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Health watchdog RQIA gives Ulster Independent Clinic extra month to meet basic safety standards

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The Ulster Independent Clinic

The Ulster Independent Clinic

The Ulster Independent Clinic

One of Northern Ireland's biggest private hospitals has been given extra time to meet basic safety standards.

The Ulster Independent Clinic (UIC) in south Belfast has been granted four more weeks to raise standards after failing to put in place proper safeguards to ensure the safety of patients.

The Regulation and Quality Improvement Authority (RQIA), Northern Ireland's health watchdog, first raised concerns about the hospital in January last year.

Inspectors discovered doctors were working at the hospital without providing proof they had insurance or the mandatory training to prove it was safe for them to work.

It was one of a series of failings uncovered by the RQIA during a three-day inspection in January last year.

The regulator ordered the hospital to "urgently review and resolve the issue".

However, the RQIA carried out a further inspection in November last year and found "limited progress in relation to arrangements for medical governance".

It said the hospital should stop the practice of allowing doctors to assist with operations without providing evidence of revalidation and indemnity "immediately" during a serious concerns meeting in July.

Revalidation is a safeguarding process all doctors must go through to prove their competence, while medical indemnity is insurance for doctors in the event of negligence.

However, following a further inspection in November, the RQIA said it was "not assured that sufficient safeguards were in place to protect the safety and wellbeing of patients".

As a result, it put in place a failure to comply notice on the registration of the hospital, which had a gross income of £28.6m last year. Management of the hospital was given until February 24 to address the concerns.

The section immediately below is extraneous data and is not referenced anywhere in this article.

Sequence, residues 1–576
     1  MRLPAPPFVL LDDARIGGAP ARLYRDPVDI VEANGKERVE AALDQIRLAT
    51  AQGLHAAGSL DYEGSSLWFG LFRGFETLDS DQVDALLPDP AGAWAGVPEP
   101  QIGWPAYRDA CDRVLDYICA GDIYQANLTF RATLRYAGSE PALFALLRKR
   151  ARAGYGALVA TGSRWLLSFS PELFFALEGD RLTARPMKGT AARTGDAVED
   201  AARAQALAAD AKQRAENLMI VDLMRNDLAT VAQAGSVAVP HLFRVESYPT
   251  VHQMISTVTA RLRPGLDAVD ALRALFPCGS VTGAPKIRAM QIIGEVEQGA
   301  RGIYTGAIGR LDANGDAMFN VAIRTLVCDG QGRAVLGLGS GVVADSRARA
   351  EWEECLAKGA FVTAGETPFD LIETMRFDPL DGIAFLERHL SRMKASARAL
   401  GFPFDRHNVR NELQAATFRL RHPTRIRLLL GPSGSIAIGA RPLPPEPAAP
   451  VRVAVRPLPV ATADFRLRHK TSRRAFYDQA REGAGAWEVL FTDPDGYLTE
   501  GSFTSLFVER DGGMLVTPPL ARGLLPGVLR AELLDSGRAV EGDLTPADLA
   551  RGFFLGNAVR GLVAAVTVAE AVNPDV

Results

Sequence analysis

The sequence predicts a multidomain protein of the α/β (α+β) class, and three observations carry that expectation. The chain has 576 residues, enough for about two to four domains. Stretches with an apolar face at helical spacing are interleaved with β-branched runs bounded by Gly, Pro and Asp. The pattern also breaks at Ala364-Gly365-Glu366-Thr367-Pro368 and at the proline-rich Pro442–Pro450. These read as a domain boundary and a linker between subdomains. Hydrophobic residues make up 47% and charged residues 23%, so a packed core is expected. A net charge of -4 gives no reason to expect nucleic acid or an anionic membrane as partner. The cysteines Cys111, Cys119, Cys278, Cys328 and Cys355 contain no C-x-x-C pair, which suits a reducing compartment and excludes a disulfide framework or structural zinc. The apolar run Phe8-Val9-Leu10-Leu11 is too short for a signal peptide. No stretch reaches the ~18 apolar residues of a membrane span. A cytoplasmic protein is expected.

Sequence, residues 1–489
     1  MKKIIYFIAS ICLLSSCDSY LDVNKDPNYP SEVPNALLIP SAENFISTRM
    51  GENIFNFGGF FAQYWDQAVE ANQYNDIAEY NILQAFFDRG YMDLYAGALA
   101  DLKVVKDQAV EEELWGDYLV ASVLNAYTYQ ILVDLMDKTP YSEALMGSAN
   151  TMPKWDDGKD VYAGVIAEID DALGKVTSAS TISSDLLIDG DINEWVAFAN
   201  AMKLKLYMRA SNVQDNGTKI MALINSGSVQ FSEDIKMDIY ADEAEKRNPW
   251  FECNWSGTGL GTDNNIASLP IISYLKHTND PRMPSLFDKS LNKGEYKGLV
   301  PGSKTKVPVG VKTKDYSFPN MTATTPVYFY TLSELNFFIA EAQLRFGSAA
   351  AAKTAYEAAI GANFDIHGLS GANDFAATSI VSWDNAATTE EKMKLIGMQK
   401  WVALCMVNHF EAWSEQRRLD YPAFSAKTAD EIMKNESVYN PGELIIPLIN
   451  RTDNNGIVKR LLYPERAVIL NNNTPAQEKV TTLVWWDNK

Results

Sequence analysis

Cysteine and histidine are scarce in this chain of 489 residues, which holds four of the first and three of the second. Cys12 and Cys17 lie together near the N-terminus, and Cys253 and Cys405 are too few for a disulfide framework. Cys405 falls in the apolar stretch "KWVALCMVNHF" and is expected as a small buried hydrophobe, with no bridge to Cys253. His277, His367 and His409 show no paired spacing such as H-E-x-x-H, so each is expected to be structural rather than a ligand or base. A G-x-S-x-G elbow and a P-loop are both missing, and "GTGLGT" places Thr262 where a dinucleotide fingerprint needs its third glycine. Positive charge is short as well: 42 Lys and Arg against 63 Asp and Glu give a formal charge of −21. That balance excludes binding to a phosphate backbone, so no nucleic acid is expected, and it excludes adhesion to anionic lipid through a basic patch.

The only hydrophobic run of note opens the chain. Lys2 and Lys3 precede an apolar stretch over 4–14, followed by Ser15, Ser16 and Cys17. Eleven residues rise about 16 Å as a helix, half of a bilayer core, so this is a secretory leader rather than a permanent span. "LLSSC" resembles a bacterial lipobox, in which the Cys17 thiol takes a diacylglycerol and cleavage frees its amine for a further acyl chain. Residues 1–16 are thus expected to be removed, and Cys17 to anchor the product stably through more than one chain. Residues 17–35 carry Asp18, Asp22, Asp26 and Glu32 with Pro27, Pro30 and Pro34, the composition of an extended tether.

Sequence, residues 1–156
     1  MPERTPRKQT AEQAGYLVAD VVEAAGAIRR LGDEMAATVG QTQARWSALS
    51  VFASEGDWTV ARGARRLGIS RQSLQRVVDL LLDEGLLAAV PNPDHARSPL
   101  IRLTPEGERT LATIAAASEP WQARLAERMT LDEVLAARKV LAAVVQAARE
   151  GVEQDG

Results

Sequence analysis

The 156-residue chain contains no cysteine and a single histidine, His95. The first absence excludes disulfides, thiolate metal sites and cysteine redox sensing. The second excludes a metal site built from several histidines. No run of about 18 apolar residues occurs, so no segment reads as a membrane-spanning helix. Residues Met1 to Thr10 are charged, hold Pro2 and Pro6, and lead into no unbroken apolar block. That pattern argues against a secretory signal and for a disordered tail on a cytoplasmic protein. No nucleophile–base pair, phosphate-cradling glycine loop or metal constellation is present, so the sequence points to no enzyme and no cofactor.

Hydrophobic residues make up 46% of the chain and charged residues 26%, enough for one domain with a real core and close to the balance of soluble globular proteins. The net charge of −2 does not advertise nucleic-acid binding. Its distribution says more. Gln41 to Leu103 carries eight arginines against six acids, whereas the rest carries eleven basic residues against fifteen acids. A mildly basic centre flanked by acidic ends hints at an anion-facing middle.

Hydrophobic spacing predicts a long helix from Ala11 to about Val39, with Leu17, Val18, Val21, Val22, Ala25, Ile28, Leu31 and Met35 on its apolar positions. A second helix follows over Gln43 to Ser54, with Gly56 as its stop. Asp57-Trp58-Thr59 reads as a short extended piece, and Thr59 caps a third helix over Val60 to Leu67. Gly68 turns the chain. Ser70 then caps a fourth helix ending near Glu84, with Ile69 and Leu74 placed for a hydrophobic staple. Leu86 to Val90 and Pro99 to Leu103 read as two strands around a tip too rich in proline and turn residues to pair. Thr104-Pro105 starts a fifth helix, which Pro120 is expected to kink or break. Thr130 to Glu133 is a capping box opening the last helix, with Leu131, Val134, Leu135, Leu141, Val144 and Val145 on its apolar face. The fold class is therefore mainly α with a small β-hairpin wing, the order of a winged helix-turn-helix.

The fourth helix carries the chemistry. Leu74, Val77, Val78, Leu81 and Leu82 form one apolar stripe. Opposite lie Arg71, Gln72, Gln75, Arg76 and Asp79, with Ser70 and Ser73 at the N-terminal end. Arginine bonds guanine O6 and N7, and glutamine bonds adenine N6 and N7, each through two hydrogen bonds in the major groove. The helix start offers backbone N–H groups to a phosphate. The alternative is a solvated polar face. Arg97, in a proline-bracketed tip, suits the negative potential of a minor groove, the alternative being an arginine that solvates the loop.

An unannounced inspection was carried out on Monday.

While the RQIA found the hospital had addressed six of the nine failings, a number of concerns remain, including the governance systems to "assure the fitness and competence" of doctors working as surgical assistants.

An RQIA spokesman said: "Earlier this week, the RQIA conducted an unannounced inspection at the Ulster Independent Clinic to assess progress in addressing our concerns relating to medical governance at the clinic.

"While compliance was achieved in respect of a number of issues highlighted in the RQIA's enforcement notice, further work is required to address a number of outstanding actions.

"As a result, the RQIA has extended the enforcement notice for a further four weeks. The safety and wellbeing of every patient at Ulster Independent Clinic is of paramount importance to the RQIA and we will continue to monitor this service through our ongoing regulatory activities."

A spokesman for the hospital said: "We continue to work with the RQIA to further strengthen our existing administrative and governance procedures.

"Whilst six of the areas previously identified have been completed, we welcome the short extension for full implementation of the remaining three actions.

"This includes us voluntarily engaging with the Northern Ireland Medical and Dental Training Agency to ensure robust arrangements are in place to support continued access for trainee doctors to observe and support our consultants as surgical assistants."

Belfast Telegraph